From: Philip Jonkers (email@example.com)
Date: Fri 16 May 2003 - 08:29:21 GMT
No argument here, I think we are on a par here Keith.
--- Keith Henson <firstname.lastname@example.org> wrote:
>At 12:49 PM 14/05/03 -0400, Scott wrote:
>(re Richard Brodie's comments)
>>Is there sufficient reason to assume that ideas are isomorphic between
>>individuals? If so, provide some here:
>I would say so, where I take "isomorphic" to mean similar.
>In a short form, one definition of memes (that does not conflict with the
>definition of a meme as pure information) is "an element of culture" where
>culture is the sum total of information available to humans.
>Does anyone have serious disagreement with this so far?
>Baseball (or cricket for the limies) is an element of culture.
>Are there objections to this?
>Now consider this variation in a thought experiment I have used here before
>where a person can be tested for having the information in their brain
>about baseball by teaching an isolated group of children (who have never
>played ball and stick games) a recognizable game of baseball. You dump
>kids, teacher and equipment on an island and come back in two months.
>The variation is that the teacher on this assignment doesn't know a thing
>about baseball, but is given books on baseball rules and how to play the
>game before being dumped on the island.
>If the kids are playing a recognizable game of baseball when the
>experimenter returns, then the only information source for what they are
>doing is the books. I.e., the books contain the baseball meme (information).
>I don't think you could get funding for this experiment because the outcome
>is too obvious.
>Now information has to be "contained" in matter of some kind (photons
>included). I am not picky about what form it takes, human minds, ink on
>paper, magnetic tape or chipped into stone. Memes can sometimes be loaded
>into minds from what a person can get out of made objects, a shoe, a pot, a
>chipped rock. (I have spent a lot of my professional life "reverse
>Memes are often learned from watching others (though not exclusively as a
>certain person claims). Chimps learn to collect termites with sticks by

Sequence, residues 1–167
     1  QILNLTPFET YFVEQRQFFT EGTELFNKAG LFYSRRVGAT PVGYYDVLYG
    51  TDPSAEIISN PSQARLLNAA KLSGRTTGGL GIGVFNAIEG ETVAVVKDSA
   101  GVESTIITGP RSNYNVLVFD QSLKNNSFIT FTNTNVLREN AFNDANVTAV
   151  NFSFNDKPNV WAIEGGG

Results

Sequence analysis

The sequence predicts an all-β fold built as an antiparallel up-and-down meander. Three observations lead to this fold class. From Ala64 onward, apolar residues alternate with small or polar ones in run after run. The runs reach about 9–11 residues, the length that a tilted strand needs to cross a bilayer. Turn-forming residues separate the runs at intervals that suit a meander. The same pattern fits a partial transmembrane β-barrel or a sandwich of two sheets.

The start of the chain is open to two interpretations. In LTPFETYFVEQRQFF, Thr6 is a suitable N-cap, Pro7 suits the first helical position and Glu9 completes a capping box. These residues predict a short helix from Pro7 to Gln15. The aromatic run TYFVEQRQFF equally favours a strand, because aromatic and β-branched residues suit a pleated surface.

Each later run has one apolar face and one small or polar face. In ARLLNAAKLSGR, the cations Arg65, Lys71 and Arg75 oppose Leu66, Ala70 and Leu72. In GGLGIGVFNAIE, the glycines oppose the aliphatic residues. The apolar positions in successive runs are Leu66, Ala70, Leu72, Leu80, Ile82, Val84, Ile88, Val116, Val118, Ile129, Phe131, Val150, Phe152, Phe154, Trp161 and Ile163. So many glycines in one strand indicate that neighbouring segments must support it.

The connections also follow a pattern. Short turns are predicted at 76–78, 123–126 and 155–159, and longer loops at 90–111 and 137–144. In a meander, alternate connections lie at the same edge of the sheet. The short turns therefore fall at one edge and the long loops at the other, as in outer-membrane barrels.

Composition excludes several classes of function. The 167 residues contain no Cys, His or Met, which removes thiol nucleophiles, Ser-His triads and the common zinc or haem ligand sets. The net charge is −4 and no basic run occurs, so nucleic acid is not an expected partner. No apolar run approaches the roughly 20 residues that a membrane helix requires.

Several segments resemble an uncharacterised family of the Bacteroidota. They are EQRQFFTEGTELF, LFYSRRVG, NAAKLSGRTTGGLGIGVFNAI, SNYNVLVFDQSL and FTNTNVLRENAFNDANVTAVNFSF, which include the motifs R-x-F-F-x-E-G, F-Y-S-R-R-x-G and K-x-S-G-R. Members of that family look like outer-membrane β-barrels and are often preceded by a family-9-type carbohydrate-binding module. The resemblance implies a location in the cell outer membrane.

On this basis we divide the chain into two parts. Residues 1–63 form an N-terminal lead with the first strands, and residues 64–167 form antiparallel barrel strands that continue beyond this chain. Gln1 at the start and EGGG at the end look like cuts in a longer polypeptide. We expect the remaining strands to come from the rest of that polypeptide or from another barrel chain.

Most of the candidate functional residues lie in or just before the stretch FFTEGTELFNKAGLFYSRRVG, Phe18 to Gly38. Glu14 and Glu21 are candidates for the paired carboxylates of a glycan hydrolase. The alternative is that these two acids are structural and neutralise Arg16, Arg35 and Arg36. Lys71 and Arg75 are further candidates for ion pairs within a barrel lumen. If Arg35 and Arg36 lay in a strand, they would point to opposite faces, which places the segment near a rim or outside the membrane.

>watching adult chimps. You could almost certainly transfer this meme by
>showing video tape of collecting termites to naive chimps. You *might* be
>able to convey the "termiting meme" to a chimp that knew sign language
>without demonstrating what to do. (You could certainly do it with humans.)
>On the subject of how accurately information replicates from mind to mind,
>that depends largely on how much effort is put into transmitting it. In
>the days before pocket calculators, most children learned multiplication
>tables with a very high degree of fidelity. The process is much like
>communication between computers. Computers test the data they get from
>other computers and will retry if the data is corrupted (which it
>Human children are likewise taught, tested, and corrected on spelling and
>math till most of them "get it right." Game rules (three strikes, four
>balls) tend to be very accurately replicated. This is not true of all
>memes, look up "Play it Sam" and "Play it again Sam" in Google.
>But some amount of mutation/sloppy copying/random recombination/outright
>invention is as essential to memetics as it is to genetics. Without
>variation, there is nothing to be selected. The differential survival of
>memes (and why) is what memetics is about.
>PS. The meme that fruits, particularly citrus, prevent scurvy was a
>significant element in the power of the British Navy at one time.
>This was distributed via the memetics list associated with the
>Journal of Memetics - Evolutionary Models of Information Transmission
>For information about the journal and the list (e.g. unsubscribing)
This was distributed via the memetics list associated with the
Journal of Memetics - Evolutionary Models of Information Transmission
For information about the journal and the list (e.g. unsubscribing)
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